1. Your Role as a Healthcare Provider/Hospital Administration

Intimate partner violence is a health issue. “In addition to the immediate trauma caused by abuse, domestic violence contributes to a number of chronic health problems, including depression, alcohol and substance abuse, sexually transmitted diseases such as HIV/AIDS, and often limits the ability of women to manage other chronic illnesses such as diabetes and hypertension. Despite these facts, a critical gap remains in the delivery of health care to battered women, with many providers discharging a woman with only the presenting injuries being treated, leaving the underlying cause of those injuries not addressed”, according to “The Facts on Health Care and Domestic Violence” by Futures Without Viloence (FWV).

Healthcare Providers

Healthcare providers are in a unique position to intervene with patients dealing with IPV and prevent future abuse through education and service referrals. Victims of IPV are more likely to seek assistance for abuse from their healthcare providers than mental health providers or IPV agencies. In fact, healthcare providers are oftentimes the only people IPV victims trust enough to disclose abuse in their lives.

In order to improve the health outcomes of patients impacted by IPV, healthcare providers should:

  • Participate in IPV training to gain a greater understanding of the effects of IPV on patients overall health and improve skills to conduct effective IPV assessments and provide service referrals;
  • Routinely screen/assess for IPV with all female adolescent and adult patients and boys and men exhibiting signs of abuse;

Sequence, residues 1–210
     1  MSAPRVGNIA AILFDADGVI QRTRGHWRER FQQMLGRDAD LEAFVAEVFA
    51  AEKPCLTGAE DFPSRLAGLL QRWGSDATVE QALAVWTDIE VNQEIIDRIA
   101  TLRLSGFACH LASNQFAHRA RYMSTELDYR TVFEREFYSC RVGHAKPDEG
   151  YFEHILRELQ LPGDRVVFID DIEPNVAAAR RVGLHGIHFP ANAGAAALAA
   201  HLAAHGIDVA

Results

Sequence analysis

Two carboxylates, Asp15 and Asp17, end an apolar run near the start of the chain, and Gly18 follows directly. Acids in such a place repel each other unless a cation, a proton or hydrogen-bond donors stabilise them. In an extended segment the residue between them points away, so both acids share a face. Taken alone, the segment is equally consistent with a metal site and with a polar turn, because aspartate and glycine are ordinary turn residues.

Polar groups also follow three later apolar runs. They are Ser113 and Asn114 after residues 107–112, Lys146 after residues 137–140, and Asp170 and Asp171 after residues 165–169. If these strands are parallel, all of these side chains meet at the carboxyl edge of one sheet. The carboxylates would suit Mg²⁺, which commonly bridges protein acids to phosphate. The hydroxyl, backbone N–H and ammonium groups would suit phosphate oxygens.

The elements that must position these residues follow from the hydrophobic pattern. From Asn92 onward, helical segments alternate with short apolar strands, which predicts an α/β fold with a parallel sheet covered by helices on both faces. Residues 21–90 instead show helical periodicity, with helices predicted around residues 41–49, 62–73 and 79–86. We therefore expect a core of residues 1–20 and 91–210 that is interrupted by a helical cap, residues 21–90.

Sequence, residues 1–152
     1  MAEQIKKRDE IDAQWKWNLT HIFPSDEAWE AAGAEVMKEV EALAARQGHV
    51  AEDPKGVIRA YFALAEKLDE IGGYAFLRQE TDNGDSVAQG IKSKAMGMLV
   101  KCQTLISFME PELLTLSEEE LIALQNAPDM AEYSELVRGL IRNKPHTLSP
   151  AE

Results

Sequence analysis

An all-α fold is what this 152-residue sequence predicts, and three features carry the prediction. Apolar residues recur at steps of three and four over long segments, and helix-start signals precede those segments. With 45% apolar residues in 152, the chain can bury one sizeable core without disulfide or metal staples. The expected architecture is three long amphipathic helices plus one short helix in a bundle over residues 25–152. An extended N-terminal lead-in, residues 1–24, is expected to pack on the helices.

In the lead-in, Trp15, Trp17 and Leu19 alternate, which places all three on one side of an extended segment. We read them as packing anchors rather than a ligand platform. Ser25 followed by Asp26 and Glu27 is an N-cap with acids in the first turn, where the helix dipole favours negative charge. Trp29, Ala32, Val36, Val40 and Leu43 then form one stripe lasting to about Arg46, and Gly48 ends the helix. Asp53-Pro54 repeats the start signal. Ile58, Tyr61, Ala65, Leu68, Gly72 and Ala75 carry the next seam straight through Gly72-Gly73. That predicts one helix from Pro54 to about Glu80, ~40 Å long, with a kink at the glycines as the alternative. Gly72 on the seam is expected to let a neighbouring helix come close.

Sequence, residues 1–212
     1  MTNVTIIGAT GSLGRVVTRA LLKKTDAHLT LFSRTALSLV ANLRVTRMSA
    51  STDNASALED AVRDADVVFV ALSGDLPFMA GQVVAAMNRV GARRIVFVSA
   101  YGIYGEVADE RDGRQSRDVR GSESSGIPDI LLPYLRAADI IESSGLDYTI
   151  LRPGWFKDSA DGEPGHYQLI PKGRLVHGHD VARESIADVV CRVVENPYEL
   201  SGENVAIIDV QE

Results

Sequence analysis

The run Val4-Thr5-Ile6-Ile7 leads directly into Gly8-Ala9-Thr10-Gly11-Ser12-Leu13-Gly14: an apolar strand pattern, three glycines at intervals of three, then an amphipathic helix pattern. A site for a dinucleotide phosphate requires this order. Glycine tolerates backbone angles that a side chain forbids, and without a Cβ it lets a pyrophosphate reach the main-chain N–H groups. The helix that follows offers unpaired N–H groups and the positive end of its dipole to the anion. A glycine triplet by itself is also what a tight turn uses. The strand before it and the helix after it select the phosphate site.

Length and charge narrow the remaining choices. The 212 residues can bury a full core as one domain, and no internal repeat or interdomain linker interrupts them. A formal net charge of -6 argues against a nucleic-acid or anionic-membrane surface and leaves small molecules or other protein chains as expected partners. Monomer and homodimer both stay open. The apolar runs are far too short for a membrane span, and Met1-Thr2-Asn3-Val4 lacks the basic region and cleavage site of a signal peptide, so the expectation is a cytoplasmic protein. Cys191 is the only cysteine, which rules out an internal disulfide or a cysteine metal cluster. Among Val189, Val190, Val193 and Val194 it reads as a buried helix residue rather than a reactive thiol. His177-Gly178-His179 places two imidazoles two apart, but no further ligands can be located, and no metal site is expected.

• Educate patients about the impact of physical, psychological and sexual abuse related to overall health;
  • Provide patients impacted by IPV with referrals for services such as local IPV agencies, legal assistance for protective orders, the hospital’s social service department, and at minimum an IPV hotline number.
  • Follow-up with patients who are IPV victims to ensure that desired services have been obtained and that the history of abuse is documented.

Hospital Administration

Hospital administrators play an essential role as institutional leaders to make systems changes that promote routine IPV assessments and effective partnerships with local IPV nonprofit agencies and law enforcement authorities, including:

  • Instituting routine IPV assessments with patients as a hospital-wide expectation for teenage and adult women, as well as teenage and adult men presenting symptoms of abuse;
  • Developing and updating IPV Policies and Practices that are distributed to all employees (a criteria for hospital accreditation through The Joint Commission);
  • Creating a culture where IPV victims are supported and encouraged to seek assistance from hospital and other medical providers;
  • Creating a multidisciplinary IPV Task Force that has the authority to:
    • Make revisions to IPV Policies and Practices
    • Assess IPV training needs annually for both clinical and non-clinical employees
    • Design IPV trainings in partnership with experts from local IPV advocacy agencies
    • Develop formal partnerships with local IPV advocacy agencies to promote effective referrals and service integration
    • Obtain adequate hospital resources and personnel to make the IPV Task Force successful in its mission
  • Developing a written IPV Training Plan (also required by The Joint Commission); and
  • Serving as a role model by championing the cause of routine IPV assessments and integrated services for patients.